Trying to access a web page but cannot? Maybe, it’s time to flush DNS.
We call each other by names; computers do that with IP addresses (ex. 188.8.131.52). This creates a problem every time we type in a website domain name, like Geekflare.com.
DNS servers exist to solve this issue.
They store the IP addresses of the websites and match them with the domain names every time your computer does a DNS lookup for a specific website, completing a DNS query.
But this adds a small lag for each lookup. So, our computers (and most internet-connected devices) store a local copy of DNS records for already visited websites for a particular time (TTL).
TTL (aka time-to-live) is the duration after which the local cache flushes automatically, and new records are fetched thereon.
However, before this, some websites may update to a new DNS record and render your locally-stored cache useless, which may prevent loading those specific websites in your browser.
Additionally, your DNS could be poisoned by a computer virus or hack, sending you to malicious websites even if you type the correct domain names. These fakes usually perfectly resemble the genuine versions and can cause the users to reveal sensitive information like their credit card details.
So, if you suspect DNS poisoning (aka spoofing) or connectivity issues, you can try…
This again creates local caches to avoid the same process until the next TTL or manual DNS flush.
One objective is to regain connectivity to a website in cases such as a 404 error. Flushing DNS will reset the cache and try to get the latest DNS record to resume normalcy.
Besides, it helps to get fresh DNS records and eliminate corrupt DNS cache.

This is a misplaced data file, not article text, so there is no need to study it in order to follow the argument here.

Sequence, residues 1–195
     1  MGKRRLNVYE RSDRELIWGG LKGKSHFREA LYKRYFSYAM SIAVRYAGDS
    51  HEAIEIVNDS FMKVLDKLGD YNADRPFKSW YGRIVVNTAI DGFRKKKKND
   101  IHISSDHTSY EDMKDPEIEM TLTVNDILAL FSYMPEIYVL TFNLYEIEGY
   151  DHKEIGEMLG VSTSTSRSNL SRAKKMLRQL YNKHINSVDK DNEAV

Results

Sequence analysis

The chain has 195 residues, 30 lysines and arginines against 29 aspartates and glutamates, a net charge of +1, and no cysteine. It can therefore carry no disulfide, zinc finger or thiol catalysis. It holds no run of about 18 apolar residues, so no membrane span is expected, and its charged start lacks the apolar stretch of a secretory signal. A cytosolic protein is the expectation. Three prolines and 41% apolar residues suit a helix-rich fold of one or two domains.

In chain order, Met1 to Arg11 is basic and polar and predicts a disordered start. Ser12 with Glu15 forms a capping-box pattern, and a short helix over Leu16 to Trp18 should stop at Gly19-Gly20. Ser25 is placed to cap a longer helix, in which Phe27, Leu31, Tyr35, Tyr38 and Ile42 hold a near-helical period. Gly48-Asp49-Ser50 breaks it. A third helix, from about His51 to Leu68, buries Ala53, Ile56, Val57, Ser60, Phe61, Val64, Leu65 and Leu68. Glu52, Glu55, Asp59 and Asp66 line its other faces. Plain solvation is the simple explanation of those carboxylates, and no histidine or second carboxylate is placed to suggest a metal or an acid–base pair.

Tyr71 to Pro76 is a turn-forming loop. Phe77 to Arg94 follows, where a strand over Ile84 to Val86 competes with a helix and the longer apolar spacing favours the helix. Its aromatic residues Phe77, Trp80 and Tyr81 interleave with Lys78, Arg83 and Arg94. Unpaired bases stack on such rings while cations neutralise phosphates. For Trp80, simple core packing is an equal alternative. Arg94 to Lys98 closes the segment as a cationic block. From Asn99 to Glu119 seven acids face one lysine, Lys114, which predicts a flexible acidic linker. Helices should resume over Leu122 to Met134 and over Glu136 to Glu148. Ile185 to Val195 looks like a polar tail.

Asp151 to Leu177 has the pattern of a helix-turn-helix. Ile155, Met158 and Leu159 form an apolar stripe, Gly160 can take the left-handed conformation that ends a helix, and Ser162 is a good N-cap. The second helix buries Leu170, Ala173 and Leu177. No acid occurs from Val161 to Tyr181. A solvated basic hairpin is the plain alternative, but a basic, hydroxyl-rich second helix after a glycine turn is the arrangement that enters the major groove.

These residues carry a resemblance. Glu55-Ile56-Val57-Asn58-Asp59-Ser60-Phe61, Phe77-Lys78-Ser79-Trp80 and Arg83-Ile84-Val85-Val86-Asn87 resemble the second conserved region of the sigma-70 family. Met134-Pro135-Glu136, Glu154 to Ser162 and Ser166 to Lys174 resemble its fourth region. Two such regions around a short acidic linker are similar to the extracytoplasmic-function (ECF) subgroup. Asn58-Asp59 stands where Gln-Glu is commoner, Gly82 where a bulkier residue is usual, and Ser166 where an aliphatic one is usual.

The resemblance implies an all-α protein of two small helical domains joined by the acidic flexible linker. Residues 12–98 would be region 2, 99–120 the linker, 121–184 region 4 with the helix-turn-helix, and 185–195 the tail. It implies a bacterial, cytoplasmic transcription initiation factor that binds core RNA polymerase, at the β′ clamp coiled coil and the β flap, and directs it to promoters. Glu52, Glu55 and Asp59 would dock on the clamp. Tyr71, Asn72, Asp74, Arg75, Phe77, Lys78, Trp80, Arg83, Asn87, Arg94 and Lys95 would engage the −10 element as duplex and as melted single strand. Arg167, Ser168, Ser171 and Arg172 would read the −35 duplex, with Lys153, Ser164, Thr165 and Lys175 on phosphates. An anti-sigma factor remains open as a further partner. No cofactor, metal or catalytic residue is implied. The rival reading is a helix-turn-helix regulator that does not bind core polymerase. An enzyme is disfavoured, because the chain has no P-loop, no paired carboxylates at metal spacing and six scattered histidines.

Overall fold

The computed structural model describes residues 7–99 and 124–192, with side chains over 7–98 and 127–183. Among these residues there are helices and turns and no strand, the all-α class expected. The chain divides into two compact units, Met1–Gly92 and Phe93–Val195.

One more and less expected benefit of flushing DNS is privacy. As the DNS cache tells anyone about the websites you visit, treat them like an ultra-short, time-based version of browser history.
You can check the local DNS cache by typing
ipconfig/displaydnsin the command prompt.
So, these were some of the advantages of flushing DNS. Now, coming to the other side:
None that are known.
However, it may make the websites load a little slower since you won’t have local DNS data. And, that too happens only on the first visits.
As you continue using the device, cache starts to build up, and things will return to where they were.
How to Flush DNS on Windows 10/11
Flushing DNS is a few seconds process identical to Windows 10 and 11.
Open Command Prompt,
type ipconfig/flushdns, and press enter.
And you’re done.
However, you won’t see any difference to tell if something happened. Still, you can verify flushing by running the
ipconfig/displaydns to see the shortened list this time.
DNS flushing can help come out of connection problems, DNS poisoning, or spoofing and protects your privacy if someone gets access to your device.
It has no side effects, is extremely easy to do, and takes only a few seconds.
PS: Try changing the DNS server for faster browsing on Windows, Linus, and Mac.
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